Tomorrow is the first day of spring. I trot around our garden, looking for the green shoots of daffodils poking up through the fallen leaves. There are purple and white crocus blooms emerging in unexpected places, where the squirrels have redesigned my grand garden scheme. I’m pretty sure it is the squirrels, because I find their other contributions: acorns and pecans tucked into the soil in window boxes and in some of the neglected pots left outside all winter. We are all waiting and watching for winter to move on. We are hungry for change and new, green beginnings.
Winter makes us cocoon for warmth and comfort in wooly sweaters and warm scarves, candlelight and cosy fires. With spring nearly upon us we can pivot, and put the dark wools away. I have found bright colors squirreled away in the back of the closet. I can’t wait to discover new and tender, fresh green spears of asparagus at the farmers’ markets, just in time for Passover and Easter feasts. We can eat trucked-in asparagus all year long, but the spring-time emergence of local, farm-fresh asparagus sparks joy. Goodbye, stodgy winter stews. Hello, asparagus.
Have you ever noticed that asparagus changes color when you blanch it? It goes from an inert olive-y green to a wild, dramatic chartreuse, verging on grass green in a flash. I always thought the change of pigment was magic, but instead, as Thomas Keller explains, it is science. https://www.youtube.com/watch?v=fmIutCFXpHE
Who better to sing the praises of asparagus than the French Chef, Julia Child? Julia exhorts preparing asparagus the way the French do, by trimming the bottom of the stalk, and peeling tough outer skin with a vegetable peeler, just like Keller. But we are concentrating on asparagus that has just been plucked from the earth, and is brand spanking new, and does not need much peeling. This is the immediacy of springtime asparagus. Bon appétit! https://openvault.wgbh.org/catalog/V_B0D9EDA444FC425C8932E0BE8198AAA5
Passover is the holiday of spring, and asparagus is the perfect seder dish. Passover starts starts on Saturday, March 27th. Green is key to Passover, which celebrates spring, family, freedom and the Exodus. http://kosherlikeme.com/welcome-spring-green-to-your-passover-table-with-asparagus/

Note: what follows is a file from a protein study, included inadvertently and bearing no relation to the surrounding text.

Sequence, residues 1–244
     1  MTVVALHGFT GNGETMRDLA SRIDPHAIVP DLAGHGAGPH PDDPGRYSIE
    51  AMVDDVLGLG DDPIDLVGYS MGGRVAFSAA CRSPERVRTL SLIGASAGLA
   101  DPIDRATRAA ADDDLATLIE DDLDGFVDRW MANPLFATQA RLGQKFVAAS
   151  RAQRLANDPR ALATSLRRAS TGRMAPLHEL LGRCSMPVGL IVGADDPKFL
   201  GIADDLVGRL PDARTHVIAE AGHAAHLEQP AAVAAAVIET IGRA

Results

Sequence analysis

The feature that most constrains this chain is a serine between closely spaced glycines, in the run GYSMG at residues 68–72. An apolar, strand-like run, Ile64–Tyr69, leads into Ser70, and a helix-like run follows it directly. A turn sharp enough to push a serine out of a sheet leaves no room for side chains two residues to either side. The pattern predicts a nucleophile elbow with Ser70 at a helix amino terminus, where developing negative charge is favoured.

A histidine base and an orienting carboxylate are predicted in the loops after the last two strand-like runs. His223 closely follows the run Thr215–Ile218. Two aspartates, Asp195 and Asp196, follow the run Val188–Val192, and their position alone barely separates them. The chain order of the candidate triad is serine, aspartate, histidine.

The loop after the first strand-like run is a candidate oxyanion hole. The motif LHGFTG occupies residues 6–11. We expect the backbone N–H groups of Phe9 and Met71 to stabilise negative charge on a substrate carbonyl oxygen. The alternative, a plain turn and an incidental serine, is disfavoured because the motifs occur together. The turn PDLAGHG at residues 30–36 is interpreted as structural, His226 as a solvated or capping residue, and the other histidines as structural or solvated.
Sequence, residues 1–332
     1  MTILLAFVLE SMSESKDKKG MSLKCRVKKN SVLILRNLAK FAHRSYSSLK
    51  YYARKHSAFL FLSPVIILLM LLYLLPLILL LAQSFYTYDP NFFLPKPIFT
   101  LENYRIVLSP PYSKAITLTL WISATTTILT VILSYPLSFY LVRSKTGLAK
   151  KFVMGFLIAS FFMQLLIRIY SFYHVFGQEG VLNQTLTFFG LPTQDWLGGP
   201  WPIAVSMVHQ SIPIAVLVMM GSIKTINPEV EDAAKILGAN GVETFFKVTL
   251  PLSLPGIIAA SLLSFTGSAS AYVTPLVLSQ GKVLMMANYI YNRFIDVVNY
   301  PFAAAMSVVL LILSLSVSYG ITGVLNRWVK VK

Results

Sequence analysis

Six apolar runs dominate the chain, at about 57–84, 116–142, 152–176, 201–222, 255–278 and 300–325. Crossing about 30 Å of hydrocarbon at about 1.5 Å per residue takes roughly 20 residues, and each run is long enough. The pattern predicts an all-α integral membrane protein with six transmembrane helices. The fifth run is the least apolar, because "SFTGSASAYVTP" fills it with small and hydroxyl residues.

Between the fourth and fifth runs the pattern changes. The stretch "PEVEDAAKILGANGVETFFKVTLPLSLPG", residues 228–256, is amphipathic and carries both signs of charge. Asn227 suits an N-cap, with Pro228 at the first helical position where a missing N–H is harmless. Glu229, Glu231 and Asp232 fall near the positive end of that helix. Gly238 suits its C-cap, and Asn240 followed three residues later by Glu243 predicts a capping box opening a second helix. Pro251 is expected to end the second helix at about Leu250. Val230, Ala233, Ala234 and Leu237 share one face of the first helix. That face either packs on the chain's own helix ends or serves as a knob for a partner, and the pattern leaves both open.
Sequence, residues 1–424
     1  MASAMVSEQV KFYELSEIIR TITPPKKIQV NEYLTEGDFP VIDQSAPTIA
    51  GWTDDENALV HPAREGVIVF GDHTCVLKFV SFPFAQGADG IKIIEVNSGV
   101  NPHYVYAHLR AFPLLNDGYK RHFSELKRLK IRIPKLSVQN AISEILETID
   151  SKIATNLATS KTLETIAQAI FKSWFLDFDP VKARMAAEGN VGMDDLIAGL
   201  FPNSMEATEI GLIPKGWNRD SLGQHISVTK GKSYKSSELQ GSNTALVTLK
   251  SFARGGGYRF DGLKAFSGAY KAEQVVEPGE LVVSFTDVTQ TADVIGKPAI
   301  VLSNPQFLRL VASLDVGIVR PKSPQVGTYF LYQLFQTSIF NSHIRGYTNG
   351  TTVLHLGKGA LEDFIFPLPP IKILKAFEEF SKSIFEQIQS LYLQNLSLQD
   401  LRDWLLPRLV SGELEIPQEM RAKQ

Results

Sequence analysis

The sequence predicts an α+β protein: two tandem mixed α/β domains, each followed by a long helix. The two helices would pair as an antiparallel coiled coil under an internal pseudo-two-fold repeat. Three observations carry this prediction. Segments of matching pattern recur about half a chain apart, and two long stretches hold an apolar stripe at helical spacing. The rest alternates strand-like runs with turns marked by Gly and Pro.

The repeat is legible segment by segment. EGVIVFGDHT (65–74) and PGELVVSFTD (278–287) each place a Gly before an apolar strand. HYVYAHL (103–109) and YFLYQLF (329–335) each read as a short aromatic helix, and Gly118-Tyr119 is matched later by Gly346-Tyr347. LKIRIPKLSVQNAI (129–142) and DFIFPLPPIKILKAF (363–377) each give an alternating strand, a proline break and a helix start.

This past weekend we tried something new, with grocery store asparagus, so imagine how much more delicious it will be with slender, farm fresh asparagus. We love anything that includes capers. Thank you, Melissa Clark: Roasted Asparagus With Crispy Leeks and Capers. https://cooking.nytimes.com/recipes/1021977-roasted-asparagus-with-crispy-leeks-and-capers?
1 pound thick asparagus, ends trimmed
2 tablespoon extra-virgin olive oil
Kosher salt and black pepper
1 large leek, white and light green parts, halved lengthwise and thinly sliced
2 tablespoons drained capers
Lemon wedges, for serving
¼ cup parsley, leaves and tender stems, torn
2 teaspoons Dijon mustard
2 teaspoons drained capers, finely chopped
1 small garlic clove, finely grated or minced
3 tablespoons extra-virgin olive oil
Kosher salt and black pepper
Heat oven to 425ºF. Put asparagus on a rimmed sheet pan and toss with 1 tablespoon oil and 1/2 teaspoon salt until well coated.
In a small bowl, stir together leeks, remaining 1 tablespoon oil, and a pinch each of salt and pepper. Sprinkle leeks on top of asparagus, then sprinkle with capers. Roast until asparagus are tender and golden brown, about 12 to 18 minutes.
While the asparagus stalks roast, make the mustard sauce: In a small bowl, whisk together mustard, capers and garlic. Slowly whisk in olive oil a few drops at a time to create a thick, emulsified dressing. Season with salt and pepper to taste.
Once asparagus stalks are out of the oven, squeeze a lemon wedge over it and sprinkle parsley on top. Serve with mustard sauce and more lemon wedges on the side.
Frittatas always seem decadent and impulsive for dinner, yet completely respectable for breakfast. Thus, this dish can only get better with a glass of wine: https://www.epicurious.com/recipes/food/views/frittata-with-asparagus-and-scallions-358321
A light take on risotto: https://www.skinnytaste.com/spring-asparagus-risotto/
Heartier fare comes from Ina Garten’s kitchen: https://barefootcontessa.com/recipes/asparagus-prosciutto-bundles Bundles of asparagus are wrapped with prosciutto and dusted with grated Gruyere cheese. (And you will be glad to know, are gluten free!) These will be perfect as Easter side dishes, or a light spring dinner as you sit by an open window and feel the cool evening breezes waft through the back yard. Keep looking for the first fireflies.
“For a lot of people, poetry tends to be dull. It’s not read much. It takes a special kind of training and a lot of practice to read poetry with pleasure. It’s like learning to like asparagus.”
–Thomas M. Disch